Surprisingly, we found that the salmochelin receptor iroN was not upregulated in our ex vivo experiments, and that the transcript level of the aerobactin receptor iutA was markedly lower than that of the siderophore iucA. In contrast the salmochelin receptor iroN was upregulated 28-fold in the isolate from a neonate with UTI. Such discrepancies have been previously described. In the murine UTI model used by Mobley et al., iroN was upregulated but its transcript level was also lower than that of iroB. Moreover, in their transcriptome analysis of E. coli isolates from eight women with urinary tract infection, iroN and iutA were only upregulated in two isolates .
Another group of genes upregulated in iron-deficient conditions were the genes encoding the Microcin V (cvaA cvaB cvaC) and Colicin Ia, which were also upregulated in human serum and urine. Previous reports have shown the influence of bacterial intracellular iron levels on colicin expression, but the reason of such induction is still poorly understood [29–31]. Of note, transcription of immunity protein for both colicins was not upregulated in any of the conditions studied except for Colicin Ia in human serum.
Expression of ORFs of unknown function in iron-deficient environments
Two ORFs with unknown functions, shiF and ORF 123, were upregulated in iron-deficient conditions, with large fold changes in vivo and ex vivo.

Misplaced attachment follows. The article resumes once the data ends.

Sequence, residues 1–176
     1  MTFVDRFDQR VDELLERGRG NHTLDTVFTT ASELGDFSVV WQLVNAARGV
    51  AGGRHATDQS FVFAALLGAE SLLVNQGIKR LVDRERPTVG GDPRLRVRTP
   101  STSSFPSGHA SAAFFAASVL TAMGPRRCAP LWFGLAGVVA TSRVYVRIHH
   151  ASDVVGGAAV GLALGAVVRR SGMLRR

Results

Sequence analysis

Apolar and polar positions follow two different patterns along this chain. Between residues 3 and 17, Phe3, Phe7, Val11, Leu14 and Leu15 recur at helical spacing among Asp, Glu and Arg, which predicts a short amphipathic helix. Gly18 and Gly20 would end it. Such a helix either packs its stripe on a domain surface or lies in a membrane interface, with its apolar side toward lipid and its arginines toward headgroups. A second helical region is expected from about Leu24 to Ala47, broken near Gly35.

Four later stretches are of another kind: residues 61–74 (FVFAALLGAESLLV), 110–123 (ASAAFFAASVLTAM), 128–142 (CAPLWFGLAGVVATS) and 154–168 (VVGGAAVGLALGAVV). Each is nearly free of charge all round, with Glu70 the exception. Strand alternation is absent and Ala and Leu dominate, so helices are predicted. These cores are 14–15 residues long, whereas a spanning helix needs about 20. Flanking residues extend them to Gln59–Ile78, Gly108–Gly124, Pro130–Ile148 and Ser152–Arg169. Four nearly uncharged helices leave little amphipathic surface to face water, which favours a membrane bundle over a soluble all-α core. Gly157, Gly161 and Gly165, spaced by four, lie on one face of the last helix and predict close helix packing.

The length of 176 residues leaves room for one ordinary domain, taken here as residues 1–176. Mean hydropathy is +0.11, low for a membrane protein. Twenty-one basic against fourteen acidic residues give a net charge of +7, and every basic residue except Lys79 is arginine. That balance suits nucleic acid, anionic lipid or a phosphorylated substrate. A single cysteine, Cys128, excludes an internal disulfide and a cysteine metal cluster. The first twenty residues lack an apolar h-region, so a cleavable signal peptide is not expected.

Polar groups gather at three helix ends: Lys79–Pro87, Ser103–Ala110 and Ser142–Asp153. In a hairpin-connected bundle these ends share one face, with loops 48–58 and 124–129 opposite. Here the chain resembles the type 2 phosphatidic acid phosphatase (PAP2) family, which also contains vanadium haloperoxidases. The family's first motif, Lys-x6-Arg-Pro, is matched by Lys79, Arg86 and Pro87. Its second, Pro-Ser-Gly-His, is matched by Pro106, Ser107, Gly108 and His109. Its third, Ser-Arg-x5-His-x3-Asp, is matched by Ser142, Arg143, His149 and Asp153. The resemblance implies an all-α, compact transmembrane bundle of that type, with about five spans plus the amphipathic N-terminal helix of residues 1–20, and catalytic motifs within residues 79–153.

ORF 123 was the most strongly upregulated (> 100-fold) in the 3 test conditions, and was expressed 3 to 4 times more strongly than the iron acquisition systems. A nucleotide homology search using the BLAST program  showed that ORF 123 is highly homologous (99%) to an ORF present in E. coli plasmids possessing a CVP region (such pAPEC-O1-ColI-BM, pAPEC-O2-ColV and pAPEC-1) or located on the chromosome of UPEC strains such as CFT073 (ORF c1220; 94%) and 536 (ORF ECP–0281; 95%). No homologous gene is found in the commensal E. coli strain MG1655. Transcriptome analysis by Mobley et al. showed over-expression of c1220 transcripts in E. coli CFT073 in a mouse model of UTI. The putative protein encoded by ORF 123 showed 45-50% identity to three phospho-2-dehydro-3-deoxyheptonate aldolases that catalyze the first reaction of the shikimate pathway and are present on the chromosome of E. coli K12. This pathway involves seven enzymatic reactions that generate chorismate, a factor involved in the synthesis of three aromatic amino acids (tyrosine, tryptophan and phenylalanine) . However, this pathway is also involved in other reactions, such as biosynthesis of siderophore group nonribosomal peptides such as yersiniabactin and enterobactin. In plasmid pS88, as in other CVP-containing plasmids, ORF 123 lies just upstream of iroN and is preceded by a sequence resembling the Fur Box consensus sequence (5'-GATAATGATAATCATTATC) [34, 35]. BLAST analysis of complete genomes available on publicly available database showed that ORF 123 is only found when the salmochelin operon is present but the reciprocity is not true, as for example in strain UTI89, which harbors only an iro locus. On the chromosome of E. coli strains CFT073 and 536, this ORF (c1220 and ECP_0281, respectively) is located in a pathogenicity island containing an iro locus but is 20–30 kb distant from the iro locus. Because of its putative function, its high inducibility in iron-depleted conditions, and its physical proximity to the iro locus, we suspected that this ORF might be an auxiliary gene that boosts the synthesis of iron acquisition systems such as salmochelin by enhancing the production of chorismate and, consequently, enterobactin, the precursor of salmochelin .